Congestive hepatopathy, also known as nutmeg liver and chronic passive congestion of the liver, is liver dysfunction due to venous congestion, usually due to congestive heart failure. The gross pathological appearance of a liver affected by chronic passive congestion is "speckled" like a grated nutmeg kernel; the dark spots represent the dilated and congested hepatic venules and small hepatic veins. The paler areas are unaffected surrounding liver tissue. When severe and longstanding, hepatic congestion can lead to fibrosis; if congestion is due to right heart failure, it is called cardiac cirrhosis.Conjunctivitis
Conjunctivitis, also known as pink eye, is inflammation of the outermost layer of the white part of the eye and the inner surface of the eyelid. It makes the eye appear pink or reddish. Pain, burning, scratchiness, or itchiness may occur. The affected eye may have increased tears or be "stuck shut" in the morning. Swelling of the white part of the eye may also occur. Itching is more common in cases due to allergies. Conjunctivitis can affect one or both eyes.The most common infectious causes are viral followed by bacterial. The viral infection may occur along with other symptoms of a common cold. Both viral and bacterial cases are easily spread between people. Allergies to pollen or animal hair are also a common cause. Diagnosis is often based on signs and symptoms. Occasionally, a sample of the discharge is sent for culture.Prevention is partly by handwashing. Treatment depends on the underlying cause. In the majority of viral cases, there is no specific treatment. Most cases due to a bacterial infection also resolve without treatment; however, antibiotics can shorten the illness. People who wear contact lenses and those whose infection is caused by gonorrhea or chlamydia should be treated. Allergic cases can be treated with antihistamines or mast cell inhibitor drops.About 3 to 6 million people get conjunctivitis each year in the United States. In adults, viral causes are more common, while in children, bacterial causes are more common. Typically, people get better in one or two weeks. If visual loss, significant pain, sensitivity to light, signs of herpes, or if symptoms do not improve after a week, further diagnosis and treatment may be required. Conjunctivitis in a newborn, known as neonatal conjunctivitis, may also require specific treatment.Esperanto words with the suffix -um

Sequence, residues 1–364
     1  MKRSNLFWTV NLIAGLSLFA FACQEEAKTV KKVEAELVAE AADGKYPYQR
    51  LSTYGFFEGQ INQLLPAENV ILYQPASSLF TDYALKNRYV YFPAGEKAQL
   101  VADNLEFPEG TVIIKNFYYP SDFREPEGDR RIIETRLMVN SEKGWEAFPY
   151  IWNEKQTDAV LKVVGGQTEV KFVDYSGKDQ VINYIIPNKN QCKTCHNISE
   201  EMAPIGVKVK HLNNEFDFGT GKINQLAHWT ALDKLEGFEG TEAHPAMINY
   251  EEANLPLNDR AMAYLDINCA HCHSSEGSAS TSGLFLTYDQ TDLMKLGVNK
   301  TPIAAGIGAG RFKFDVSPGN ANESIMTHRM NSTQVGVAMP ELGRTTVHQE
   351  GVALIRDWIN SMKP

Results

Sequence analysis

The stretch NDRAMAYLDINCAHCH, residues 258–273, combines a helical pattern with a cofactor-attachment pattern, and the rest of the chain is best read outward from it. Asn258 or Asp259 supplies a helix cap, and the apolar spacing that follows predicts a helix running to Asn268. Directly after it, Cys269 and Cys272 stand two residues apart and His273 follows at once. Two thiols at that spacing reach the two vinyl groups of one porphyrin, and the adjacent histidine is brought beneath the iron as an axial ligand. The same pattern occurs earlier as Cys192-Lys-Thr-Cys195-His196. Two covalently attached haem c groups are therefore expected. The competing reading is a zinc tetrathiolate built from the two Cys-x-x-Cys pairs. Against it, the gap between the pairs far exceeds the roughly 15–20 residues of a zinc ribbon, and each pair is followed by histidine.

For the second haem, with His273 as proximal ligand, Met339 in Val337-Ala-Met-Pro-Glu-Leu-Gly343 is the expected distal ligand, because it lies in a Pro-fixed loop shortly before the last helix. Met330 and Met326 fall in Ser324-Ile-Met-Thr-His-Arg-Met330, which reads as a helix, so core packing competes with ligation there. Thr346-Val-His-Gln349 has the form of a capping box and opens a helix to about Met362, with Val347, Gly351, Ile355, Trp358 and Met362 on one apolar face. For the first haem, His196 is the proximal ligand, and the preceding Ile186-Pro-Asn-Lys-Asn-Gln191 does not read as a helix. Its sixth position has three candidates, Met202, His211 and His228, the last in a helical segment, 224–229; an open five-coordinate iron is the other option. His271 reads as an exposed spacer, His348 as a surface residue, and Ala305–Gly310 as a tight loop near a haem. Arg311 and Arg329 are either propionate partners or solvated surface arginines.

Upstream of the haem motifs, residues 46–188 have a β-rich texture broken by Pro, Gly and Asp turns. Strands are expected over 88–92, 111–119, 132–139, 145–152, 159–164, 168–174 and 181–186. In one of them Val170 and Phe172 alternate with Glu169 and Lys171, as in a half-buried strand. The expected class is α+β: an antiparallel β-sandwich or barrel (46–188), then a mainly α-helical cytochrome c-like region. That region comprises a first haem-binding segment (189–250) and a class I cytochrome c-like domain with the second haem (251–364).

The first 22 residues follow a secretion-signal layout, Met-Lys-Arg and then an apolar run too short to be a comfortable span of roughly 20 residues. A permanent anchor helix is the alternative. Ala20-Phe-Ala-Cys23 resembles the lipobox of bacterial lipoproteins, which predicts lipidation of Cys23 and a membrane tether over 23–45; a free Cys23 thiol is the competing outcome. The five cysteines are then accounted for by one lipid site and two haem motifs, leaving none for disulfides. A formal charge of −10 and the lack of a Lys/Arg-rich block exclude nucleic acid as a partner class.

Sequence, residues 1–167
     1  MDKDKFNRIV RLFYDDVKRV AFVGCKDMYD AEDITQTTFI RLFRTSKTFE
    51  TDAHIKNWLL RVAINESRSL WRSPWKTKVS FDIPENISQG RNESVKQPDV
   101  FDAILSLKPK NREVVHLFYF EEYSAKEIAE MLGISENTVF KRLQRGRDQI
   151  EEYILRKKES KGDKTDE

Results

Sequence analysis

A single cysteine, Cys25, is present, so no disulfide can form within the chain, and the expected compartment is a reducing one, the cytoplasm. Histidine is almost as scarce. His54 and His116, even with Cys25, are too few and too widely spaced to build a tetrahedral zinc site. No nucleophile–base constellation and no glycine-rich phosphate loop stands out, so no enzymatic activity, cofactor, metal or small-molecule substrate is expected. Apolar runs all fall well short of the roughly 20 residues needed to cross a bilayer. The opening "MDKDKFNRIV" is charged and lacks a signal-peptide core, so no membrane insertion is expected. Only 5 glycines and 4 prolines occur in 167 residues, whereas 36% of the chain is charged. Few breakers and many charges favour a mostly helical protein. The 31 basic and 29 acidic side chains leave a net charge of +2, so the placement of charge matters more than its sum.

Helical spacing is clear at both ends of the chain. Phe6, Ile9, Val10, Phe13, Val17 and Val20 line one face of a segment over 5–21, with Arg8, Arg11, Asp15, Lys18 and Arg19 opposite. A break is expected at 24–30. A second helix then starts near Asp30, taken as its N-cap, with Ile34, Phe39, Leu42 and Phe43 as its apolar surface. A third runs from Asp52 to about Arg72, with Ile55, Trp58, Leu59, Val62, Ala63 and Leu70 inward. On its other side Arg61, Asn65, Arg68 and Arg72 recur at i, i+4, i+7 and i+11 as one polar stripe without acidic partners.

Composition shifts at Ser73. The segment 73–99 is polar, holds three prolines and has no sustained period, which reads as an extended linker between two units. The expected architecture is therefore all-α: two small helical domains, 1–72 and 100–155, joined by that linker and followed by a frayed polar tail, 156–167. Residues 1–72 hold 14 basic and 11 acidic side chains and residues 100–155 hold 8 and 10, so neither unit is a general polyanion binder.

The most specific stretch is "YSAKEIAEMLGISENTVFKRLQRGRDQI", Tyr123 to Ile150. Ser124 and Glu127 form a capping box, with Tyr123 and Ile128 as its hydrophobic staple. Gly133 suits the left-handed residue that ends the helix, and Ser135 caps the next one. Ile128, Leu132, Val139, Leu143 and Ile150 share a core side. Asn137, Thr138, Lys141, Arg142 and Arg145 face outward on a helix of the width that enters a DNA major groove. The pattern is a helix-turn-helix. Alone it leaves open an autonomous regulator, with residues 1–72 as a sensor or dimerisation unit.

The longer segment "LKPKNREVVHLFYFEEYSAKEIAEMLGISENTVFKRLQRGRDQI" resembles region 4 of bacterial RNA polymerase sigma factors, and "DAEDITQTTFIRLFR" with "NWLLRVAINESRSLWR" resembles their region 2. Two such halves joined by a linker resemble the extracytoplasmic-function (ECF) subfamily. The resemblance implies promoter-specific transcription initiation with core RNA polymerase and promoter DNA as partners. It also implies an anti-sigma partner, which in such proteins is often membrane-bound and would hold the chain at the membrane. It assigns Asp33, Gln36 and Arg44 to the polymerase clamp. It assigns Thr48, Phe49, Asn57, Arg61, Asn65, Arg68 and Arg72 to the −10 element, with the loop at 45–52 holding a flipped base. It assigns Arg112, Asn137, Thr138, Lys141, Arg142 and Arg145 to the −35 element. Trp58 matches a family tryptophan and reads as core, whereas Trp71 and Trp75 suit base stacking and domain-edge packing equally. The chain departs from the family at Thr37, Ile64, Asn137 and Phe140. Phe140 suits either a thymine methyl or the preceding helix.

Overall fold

Esperanto derivation is for the most part regular and predictable: One can normally understand new words that are built upon known roots, and can create new words on the fly while speaking. However, there is a suffix -um- that has no inherent meaning, but derives words that cannot be readily derived with dedicated affixes. Such derivations must be memorized individually, though because the root already exists, they may be more easily learned than a completely new word. Because of its irregularity and unpredictability, over-use of the suffix -um- is discouraged. Over time substitutes have been developed for some of the original -um- words and new ones have been coined. Regular derivations may in some cases substitute for a word in -um-; in other cases they may be similar but not exact replacements; and in still others, a substitutable word may be considered jargon (like using 'a catarrh' for 'a cold' in English).Franz Leopold Lafontaine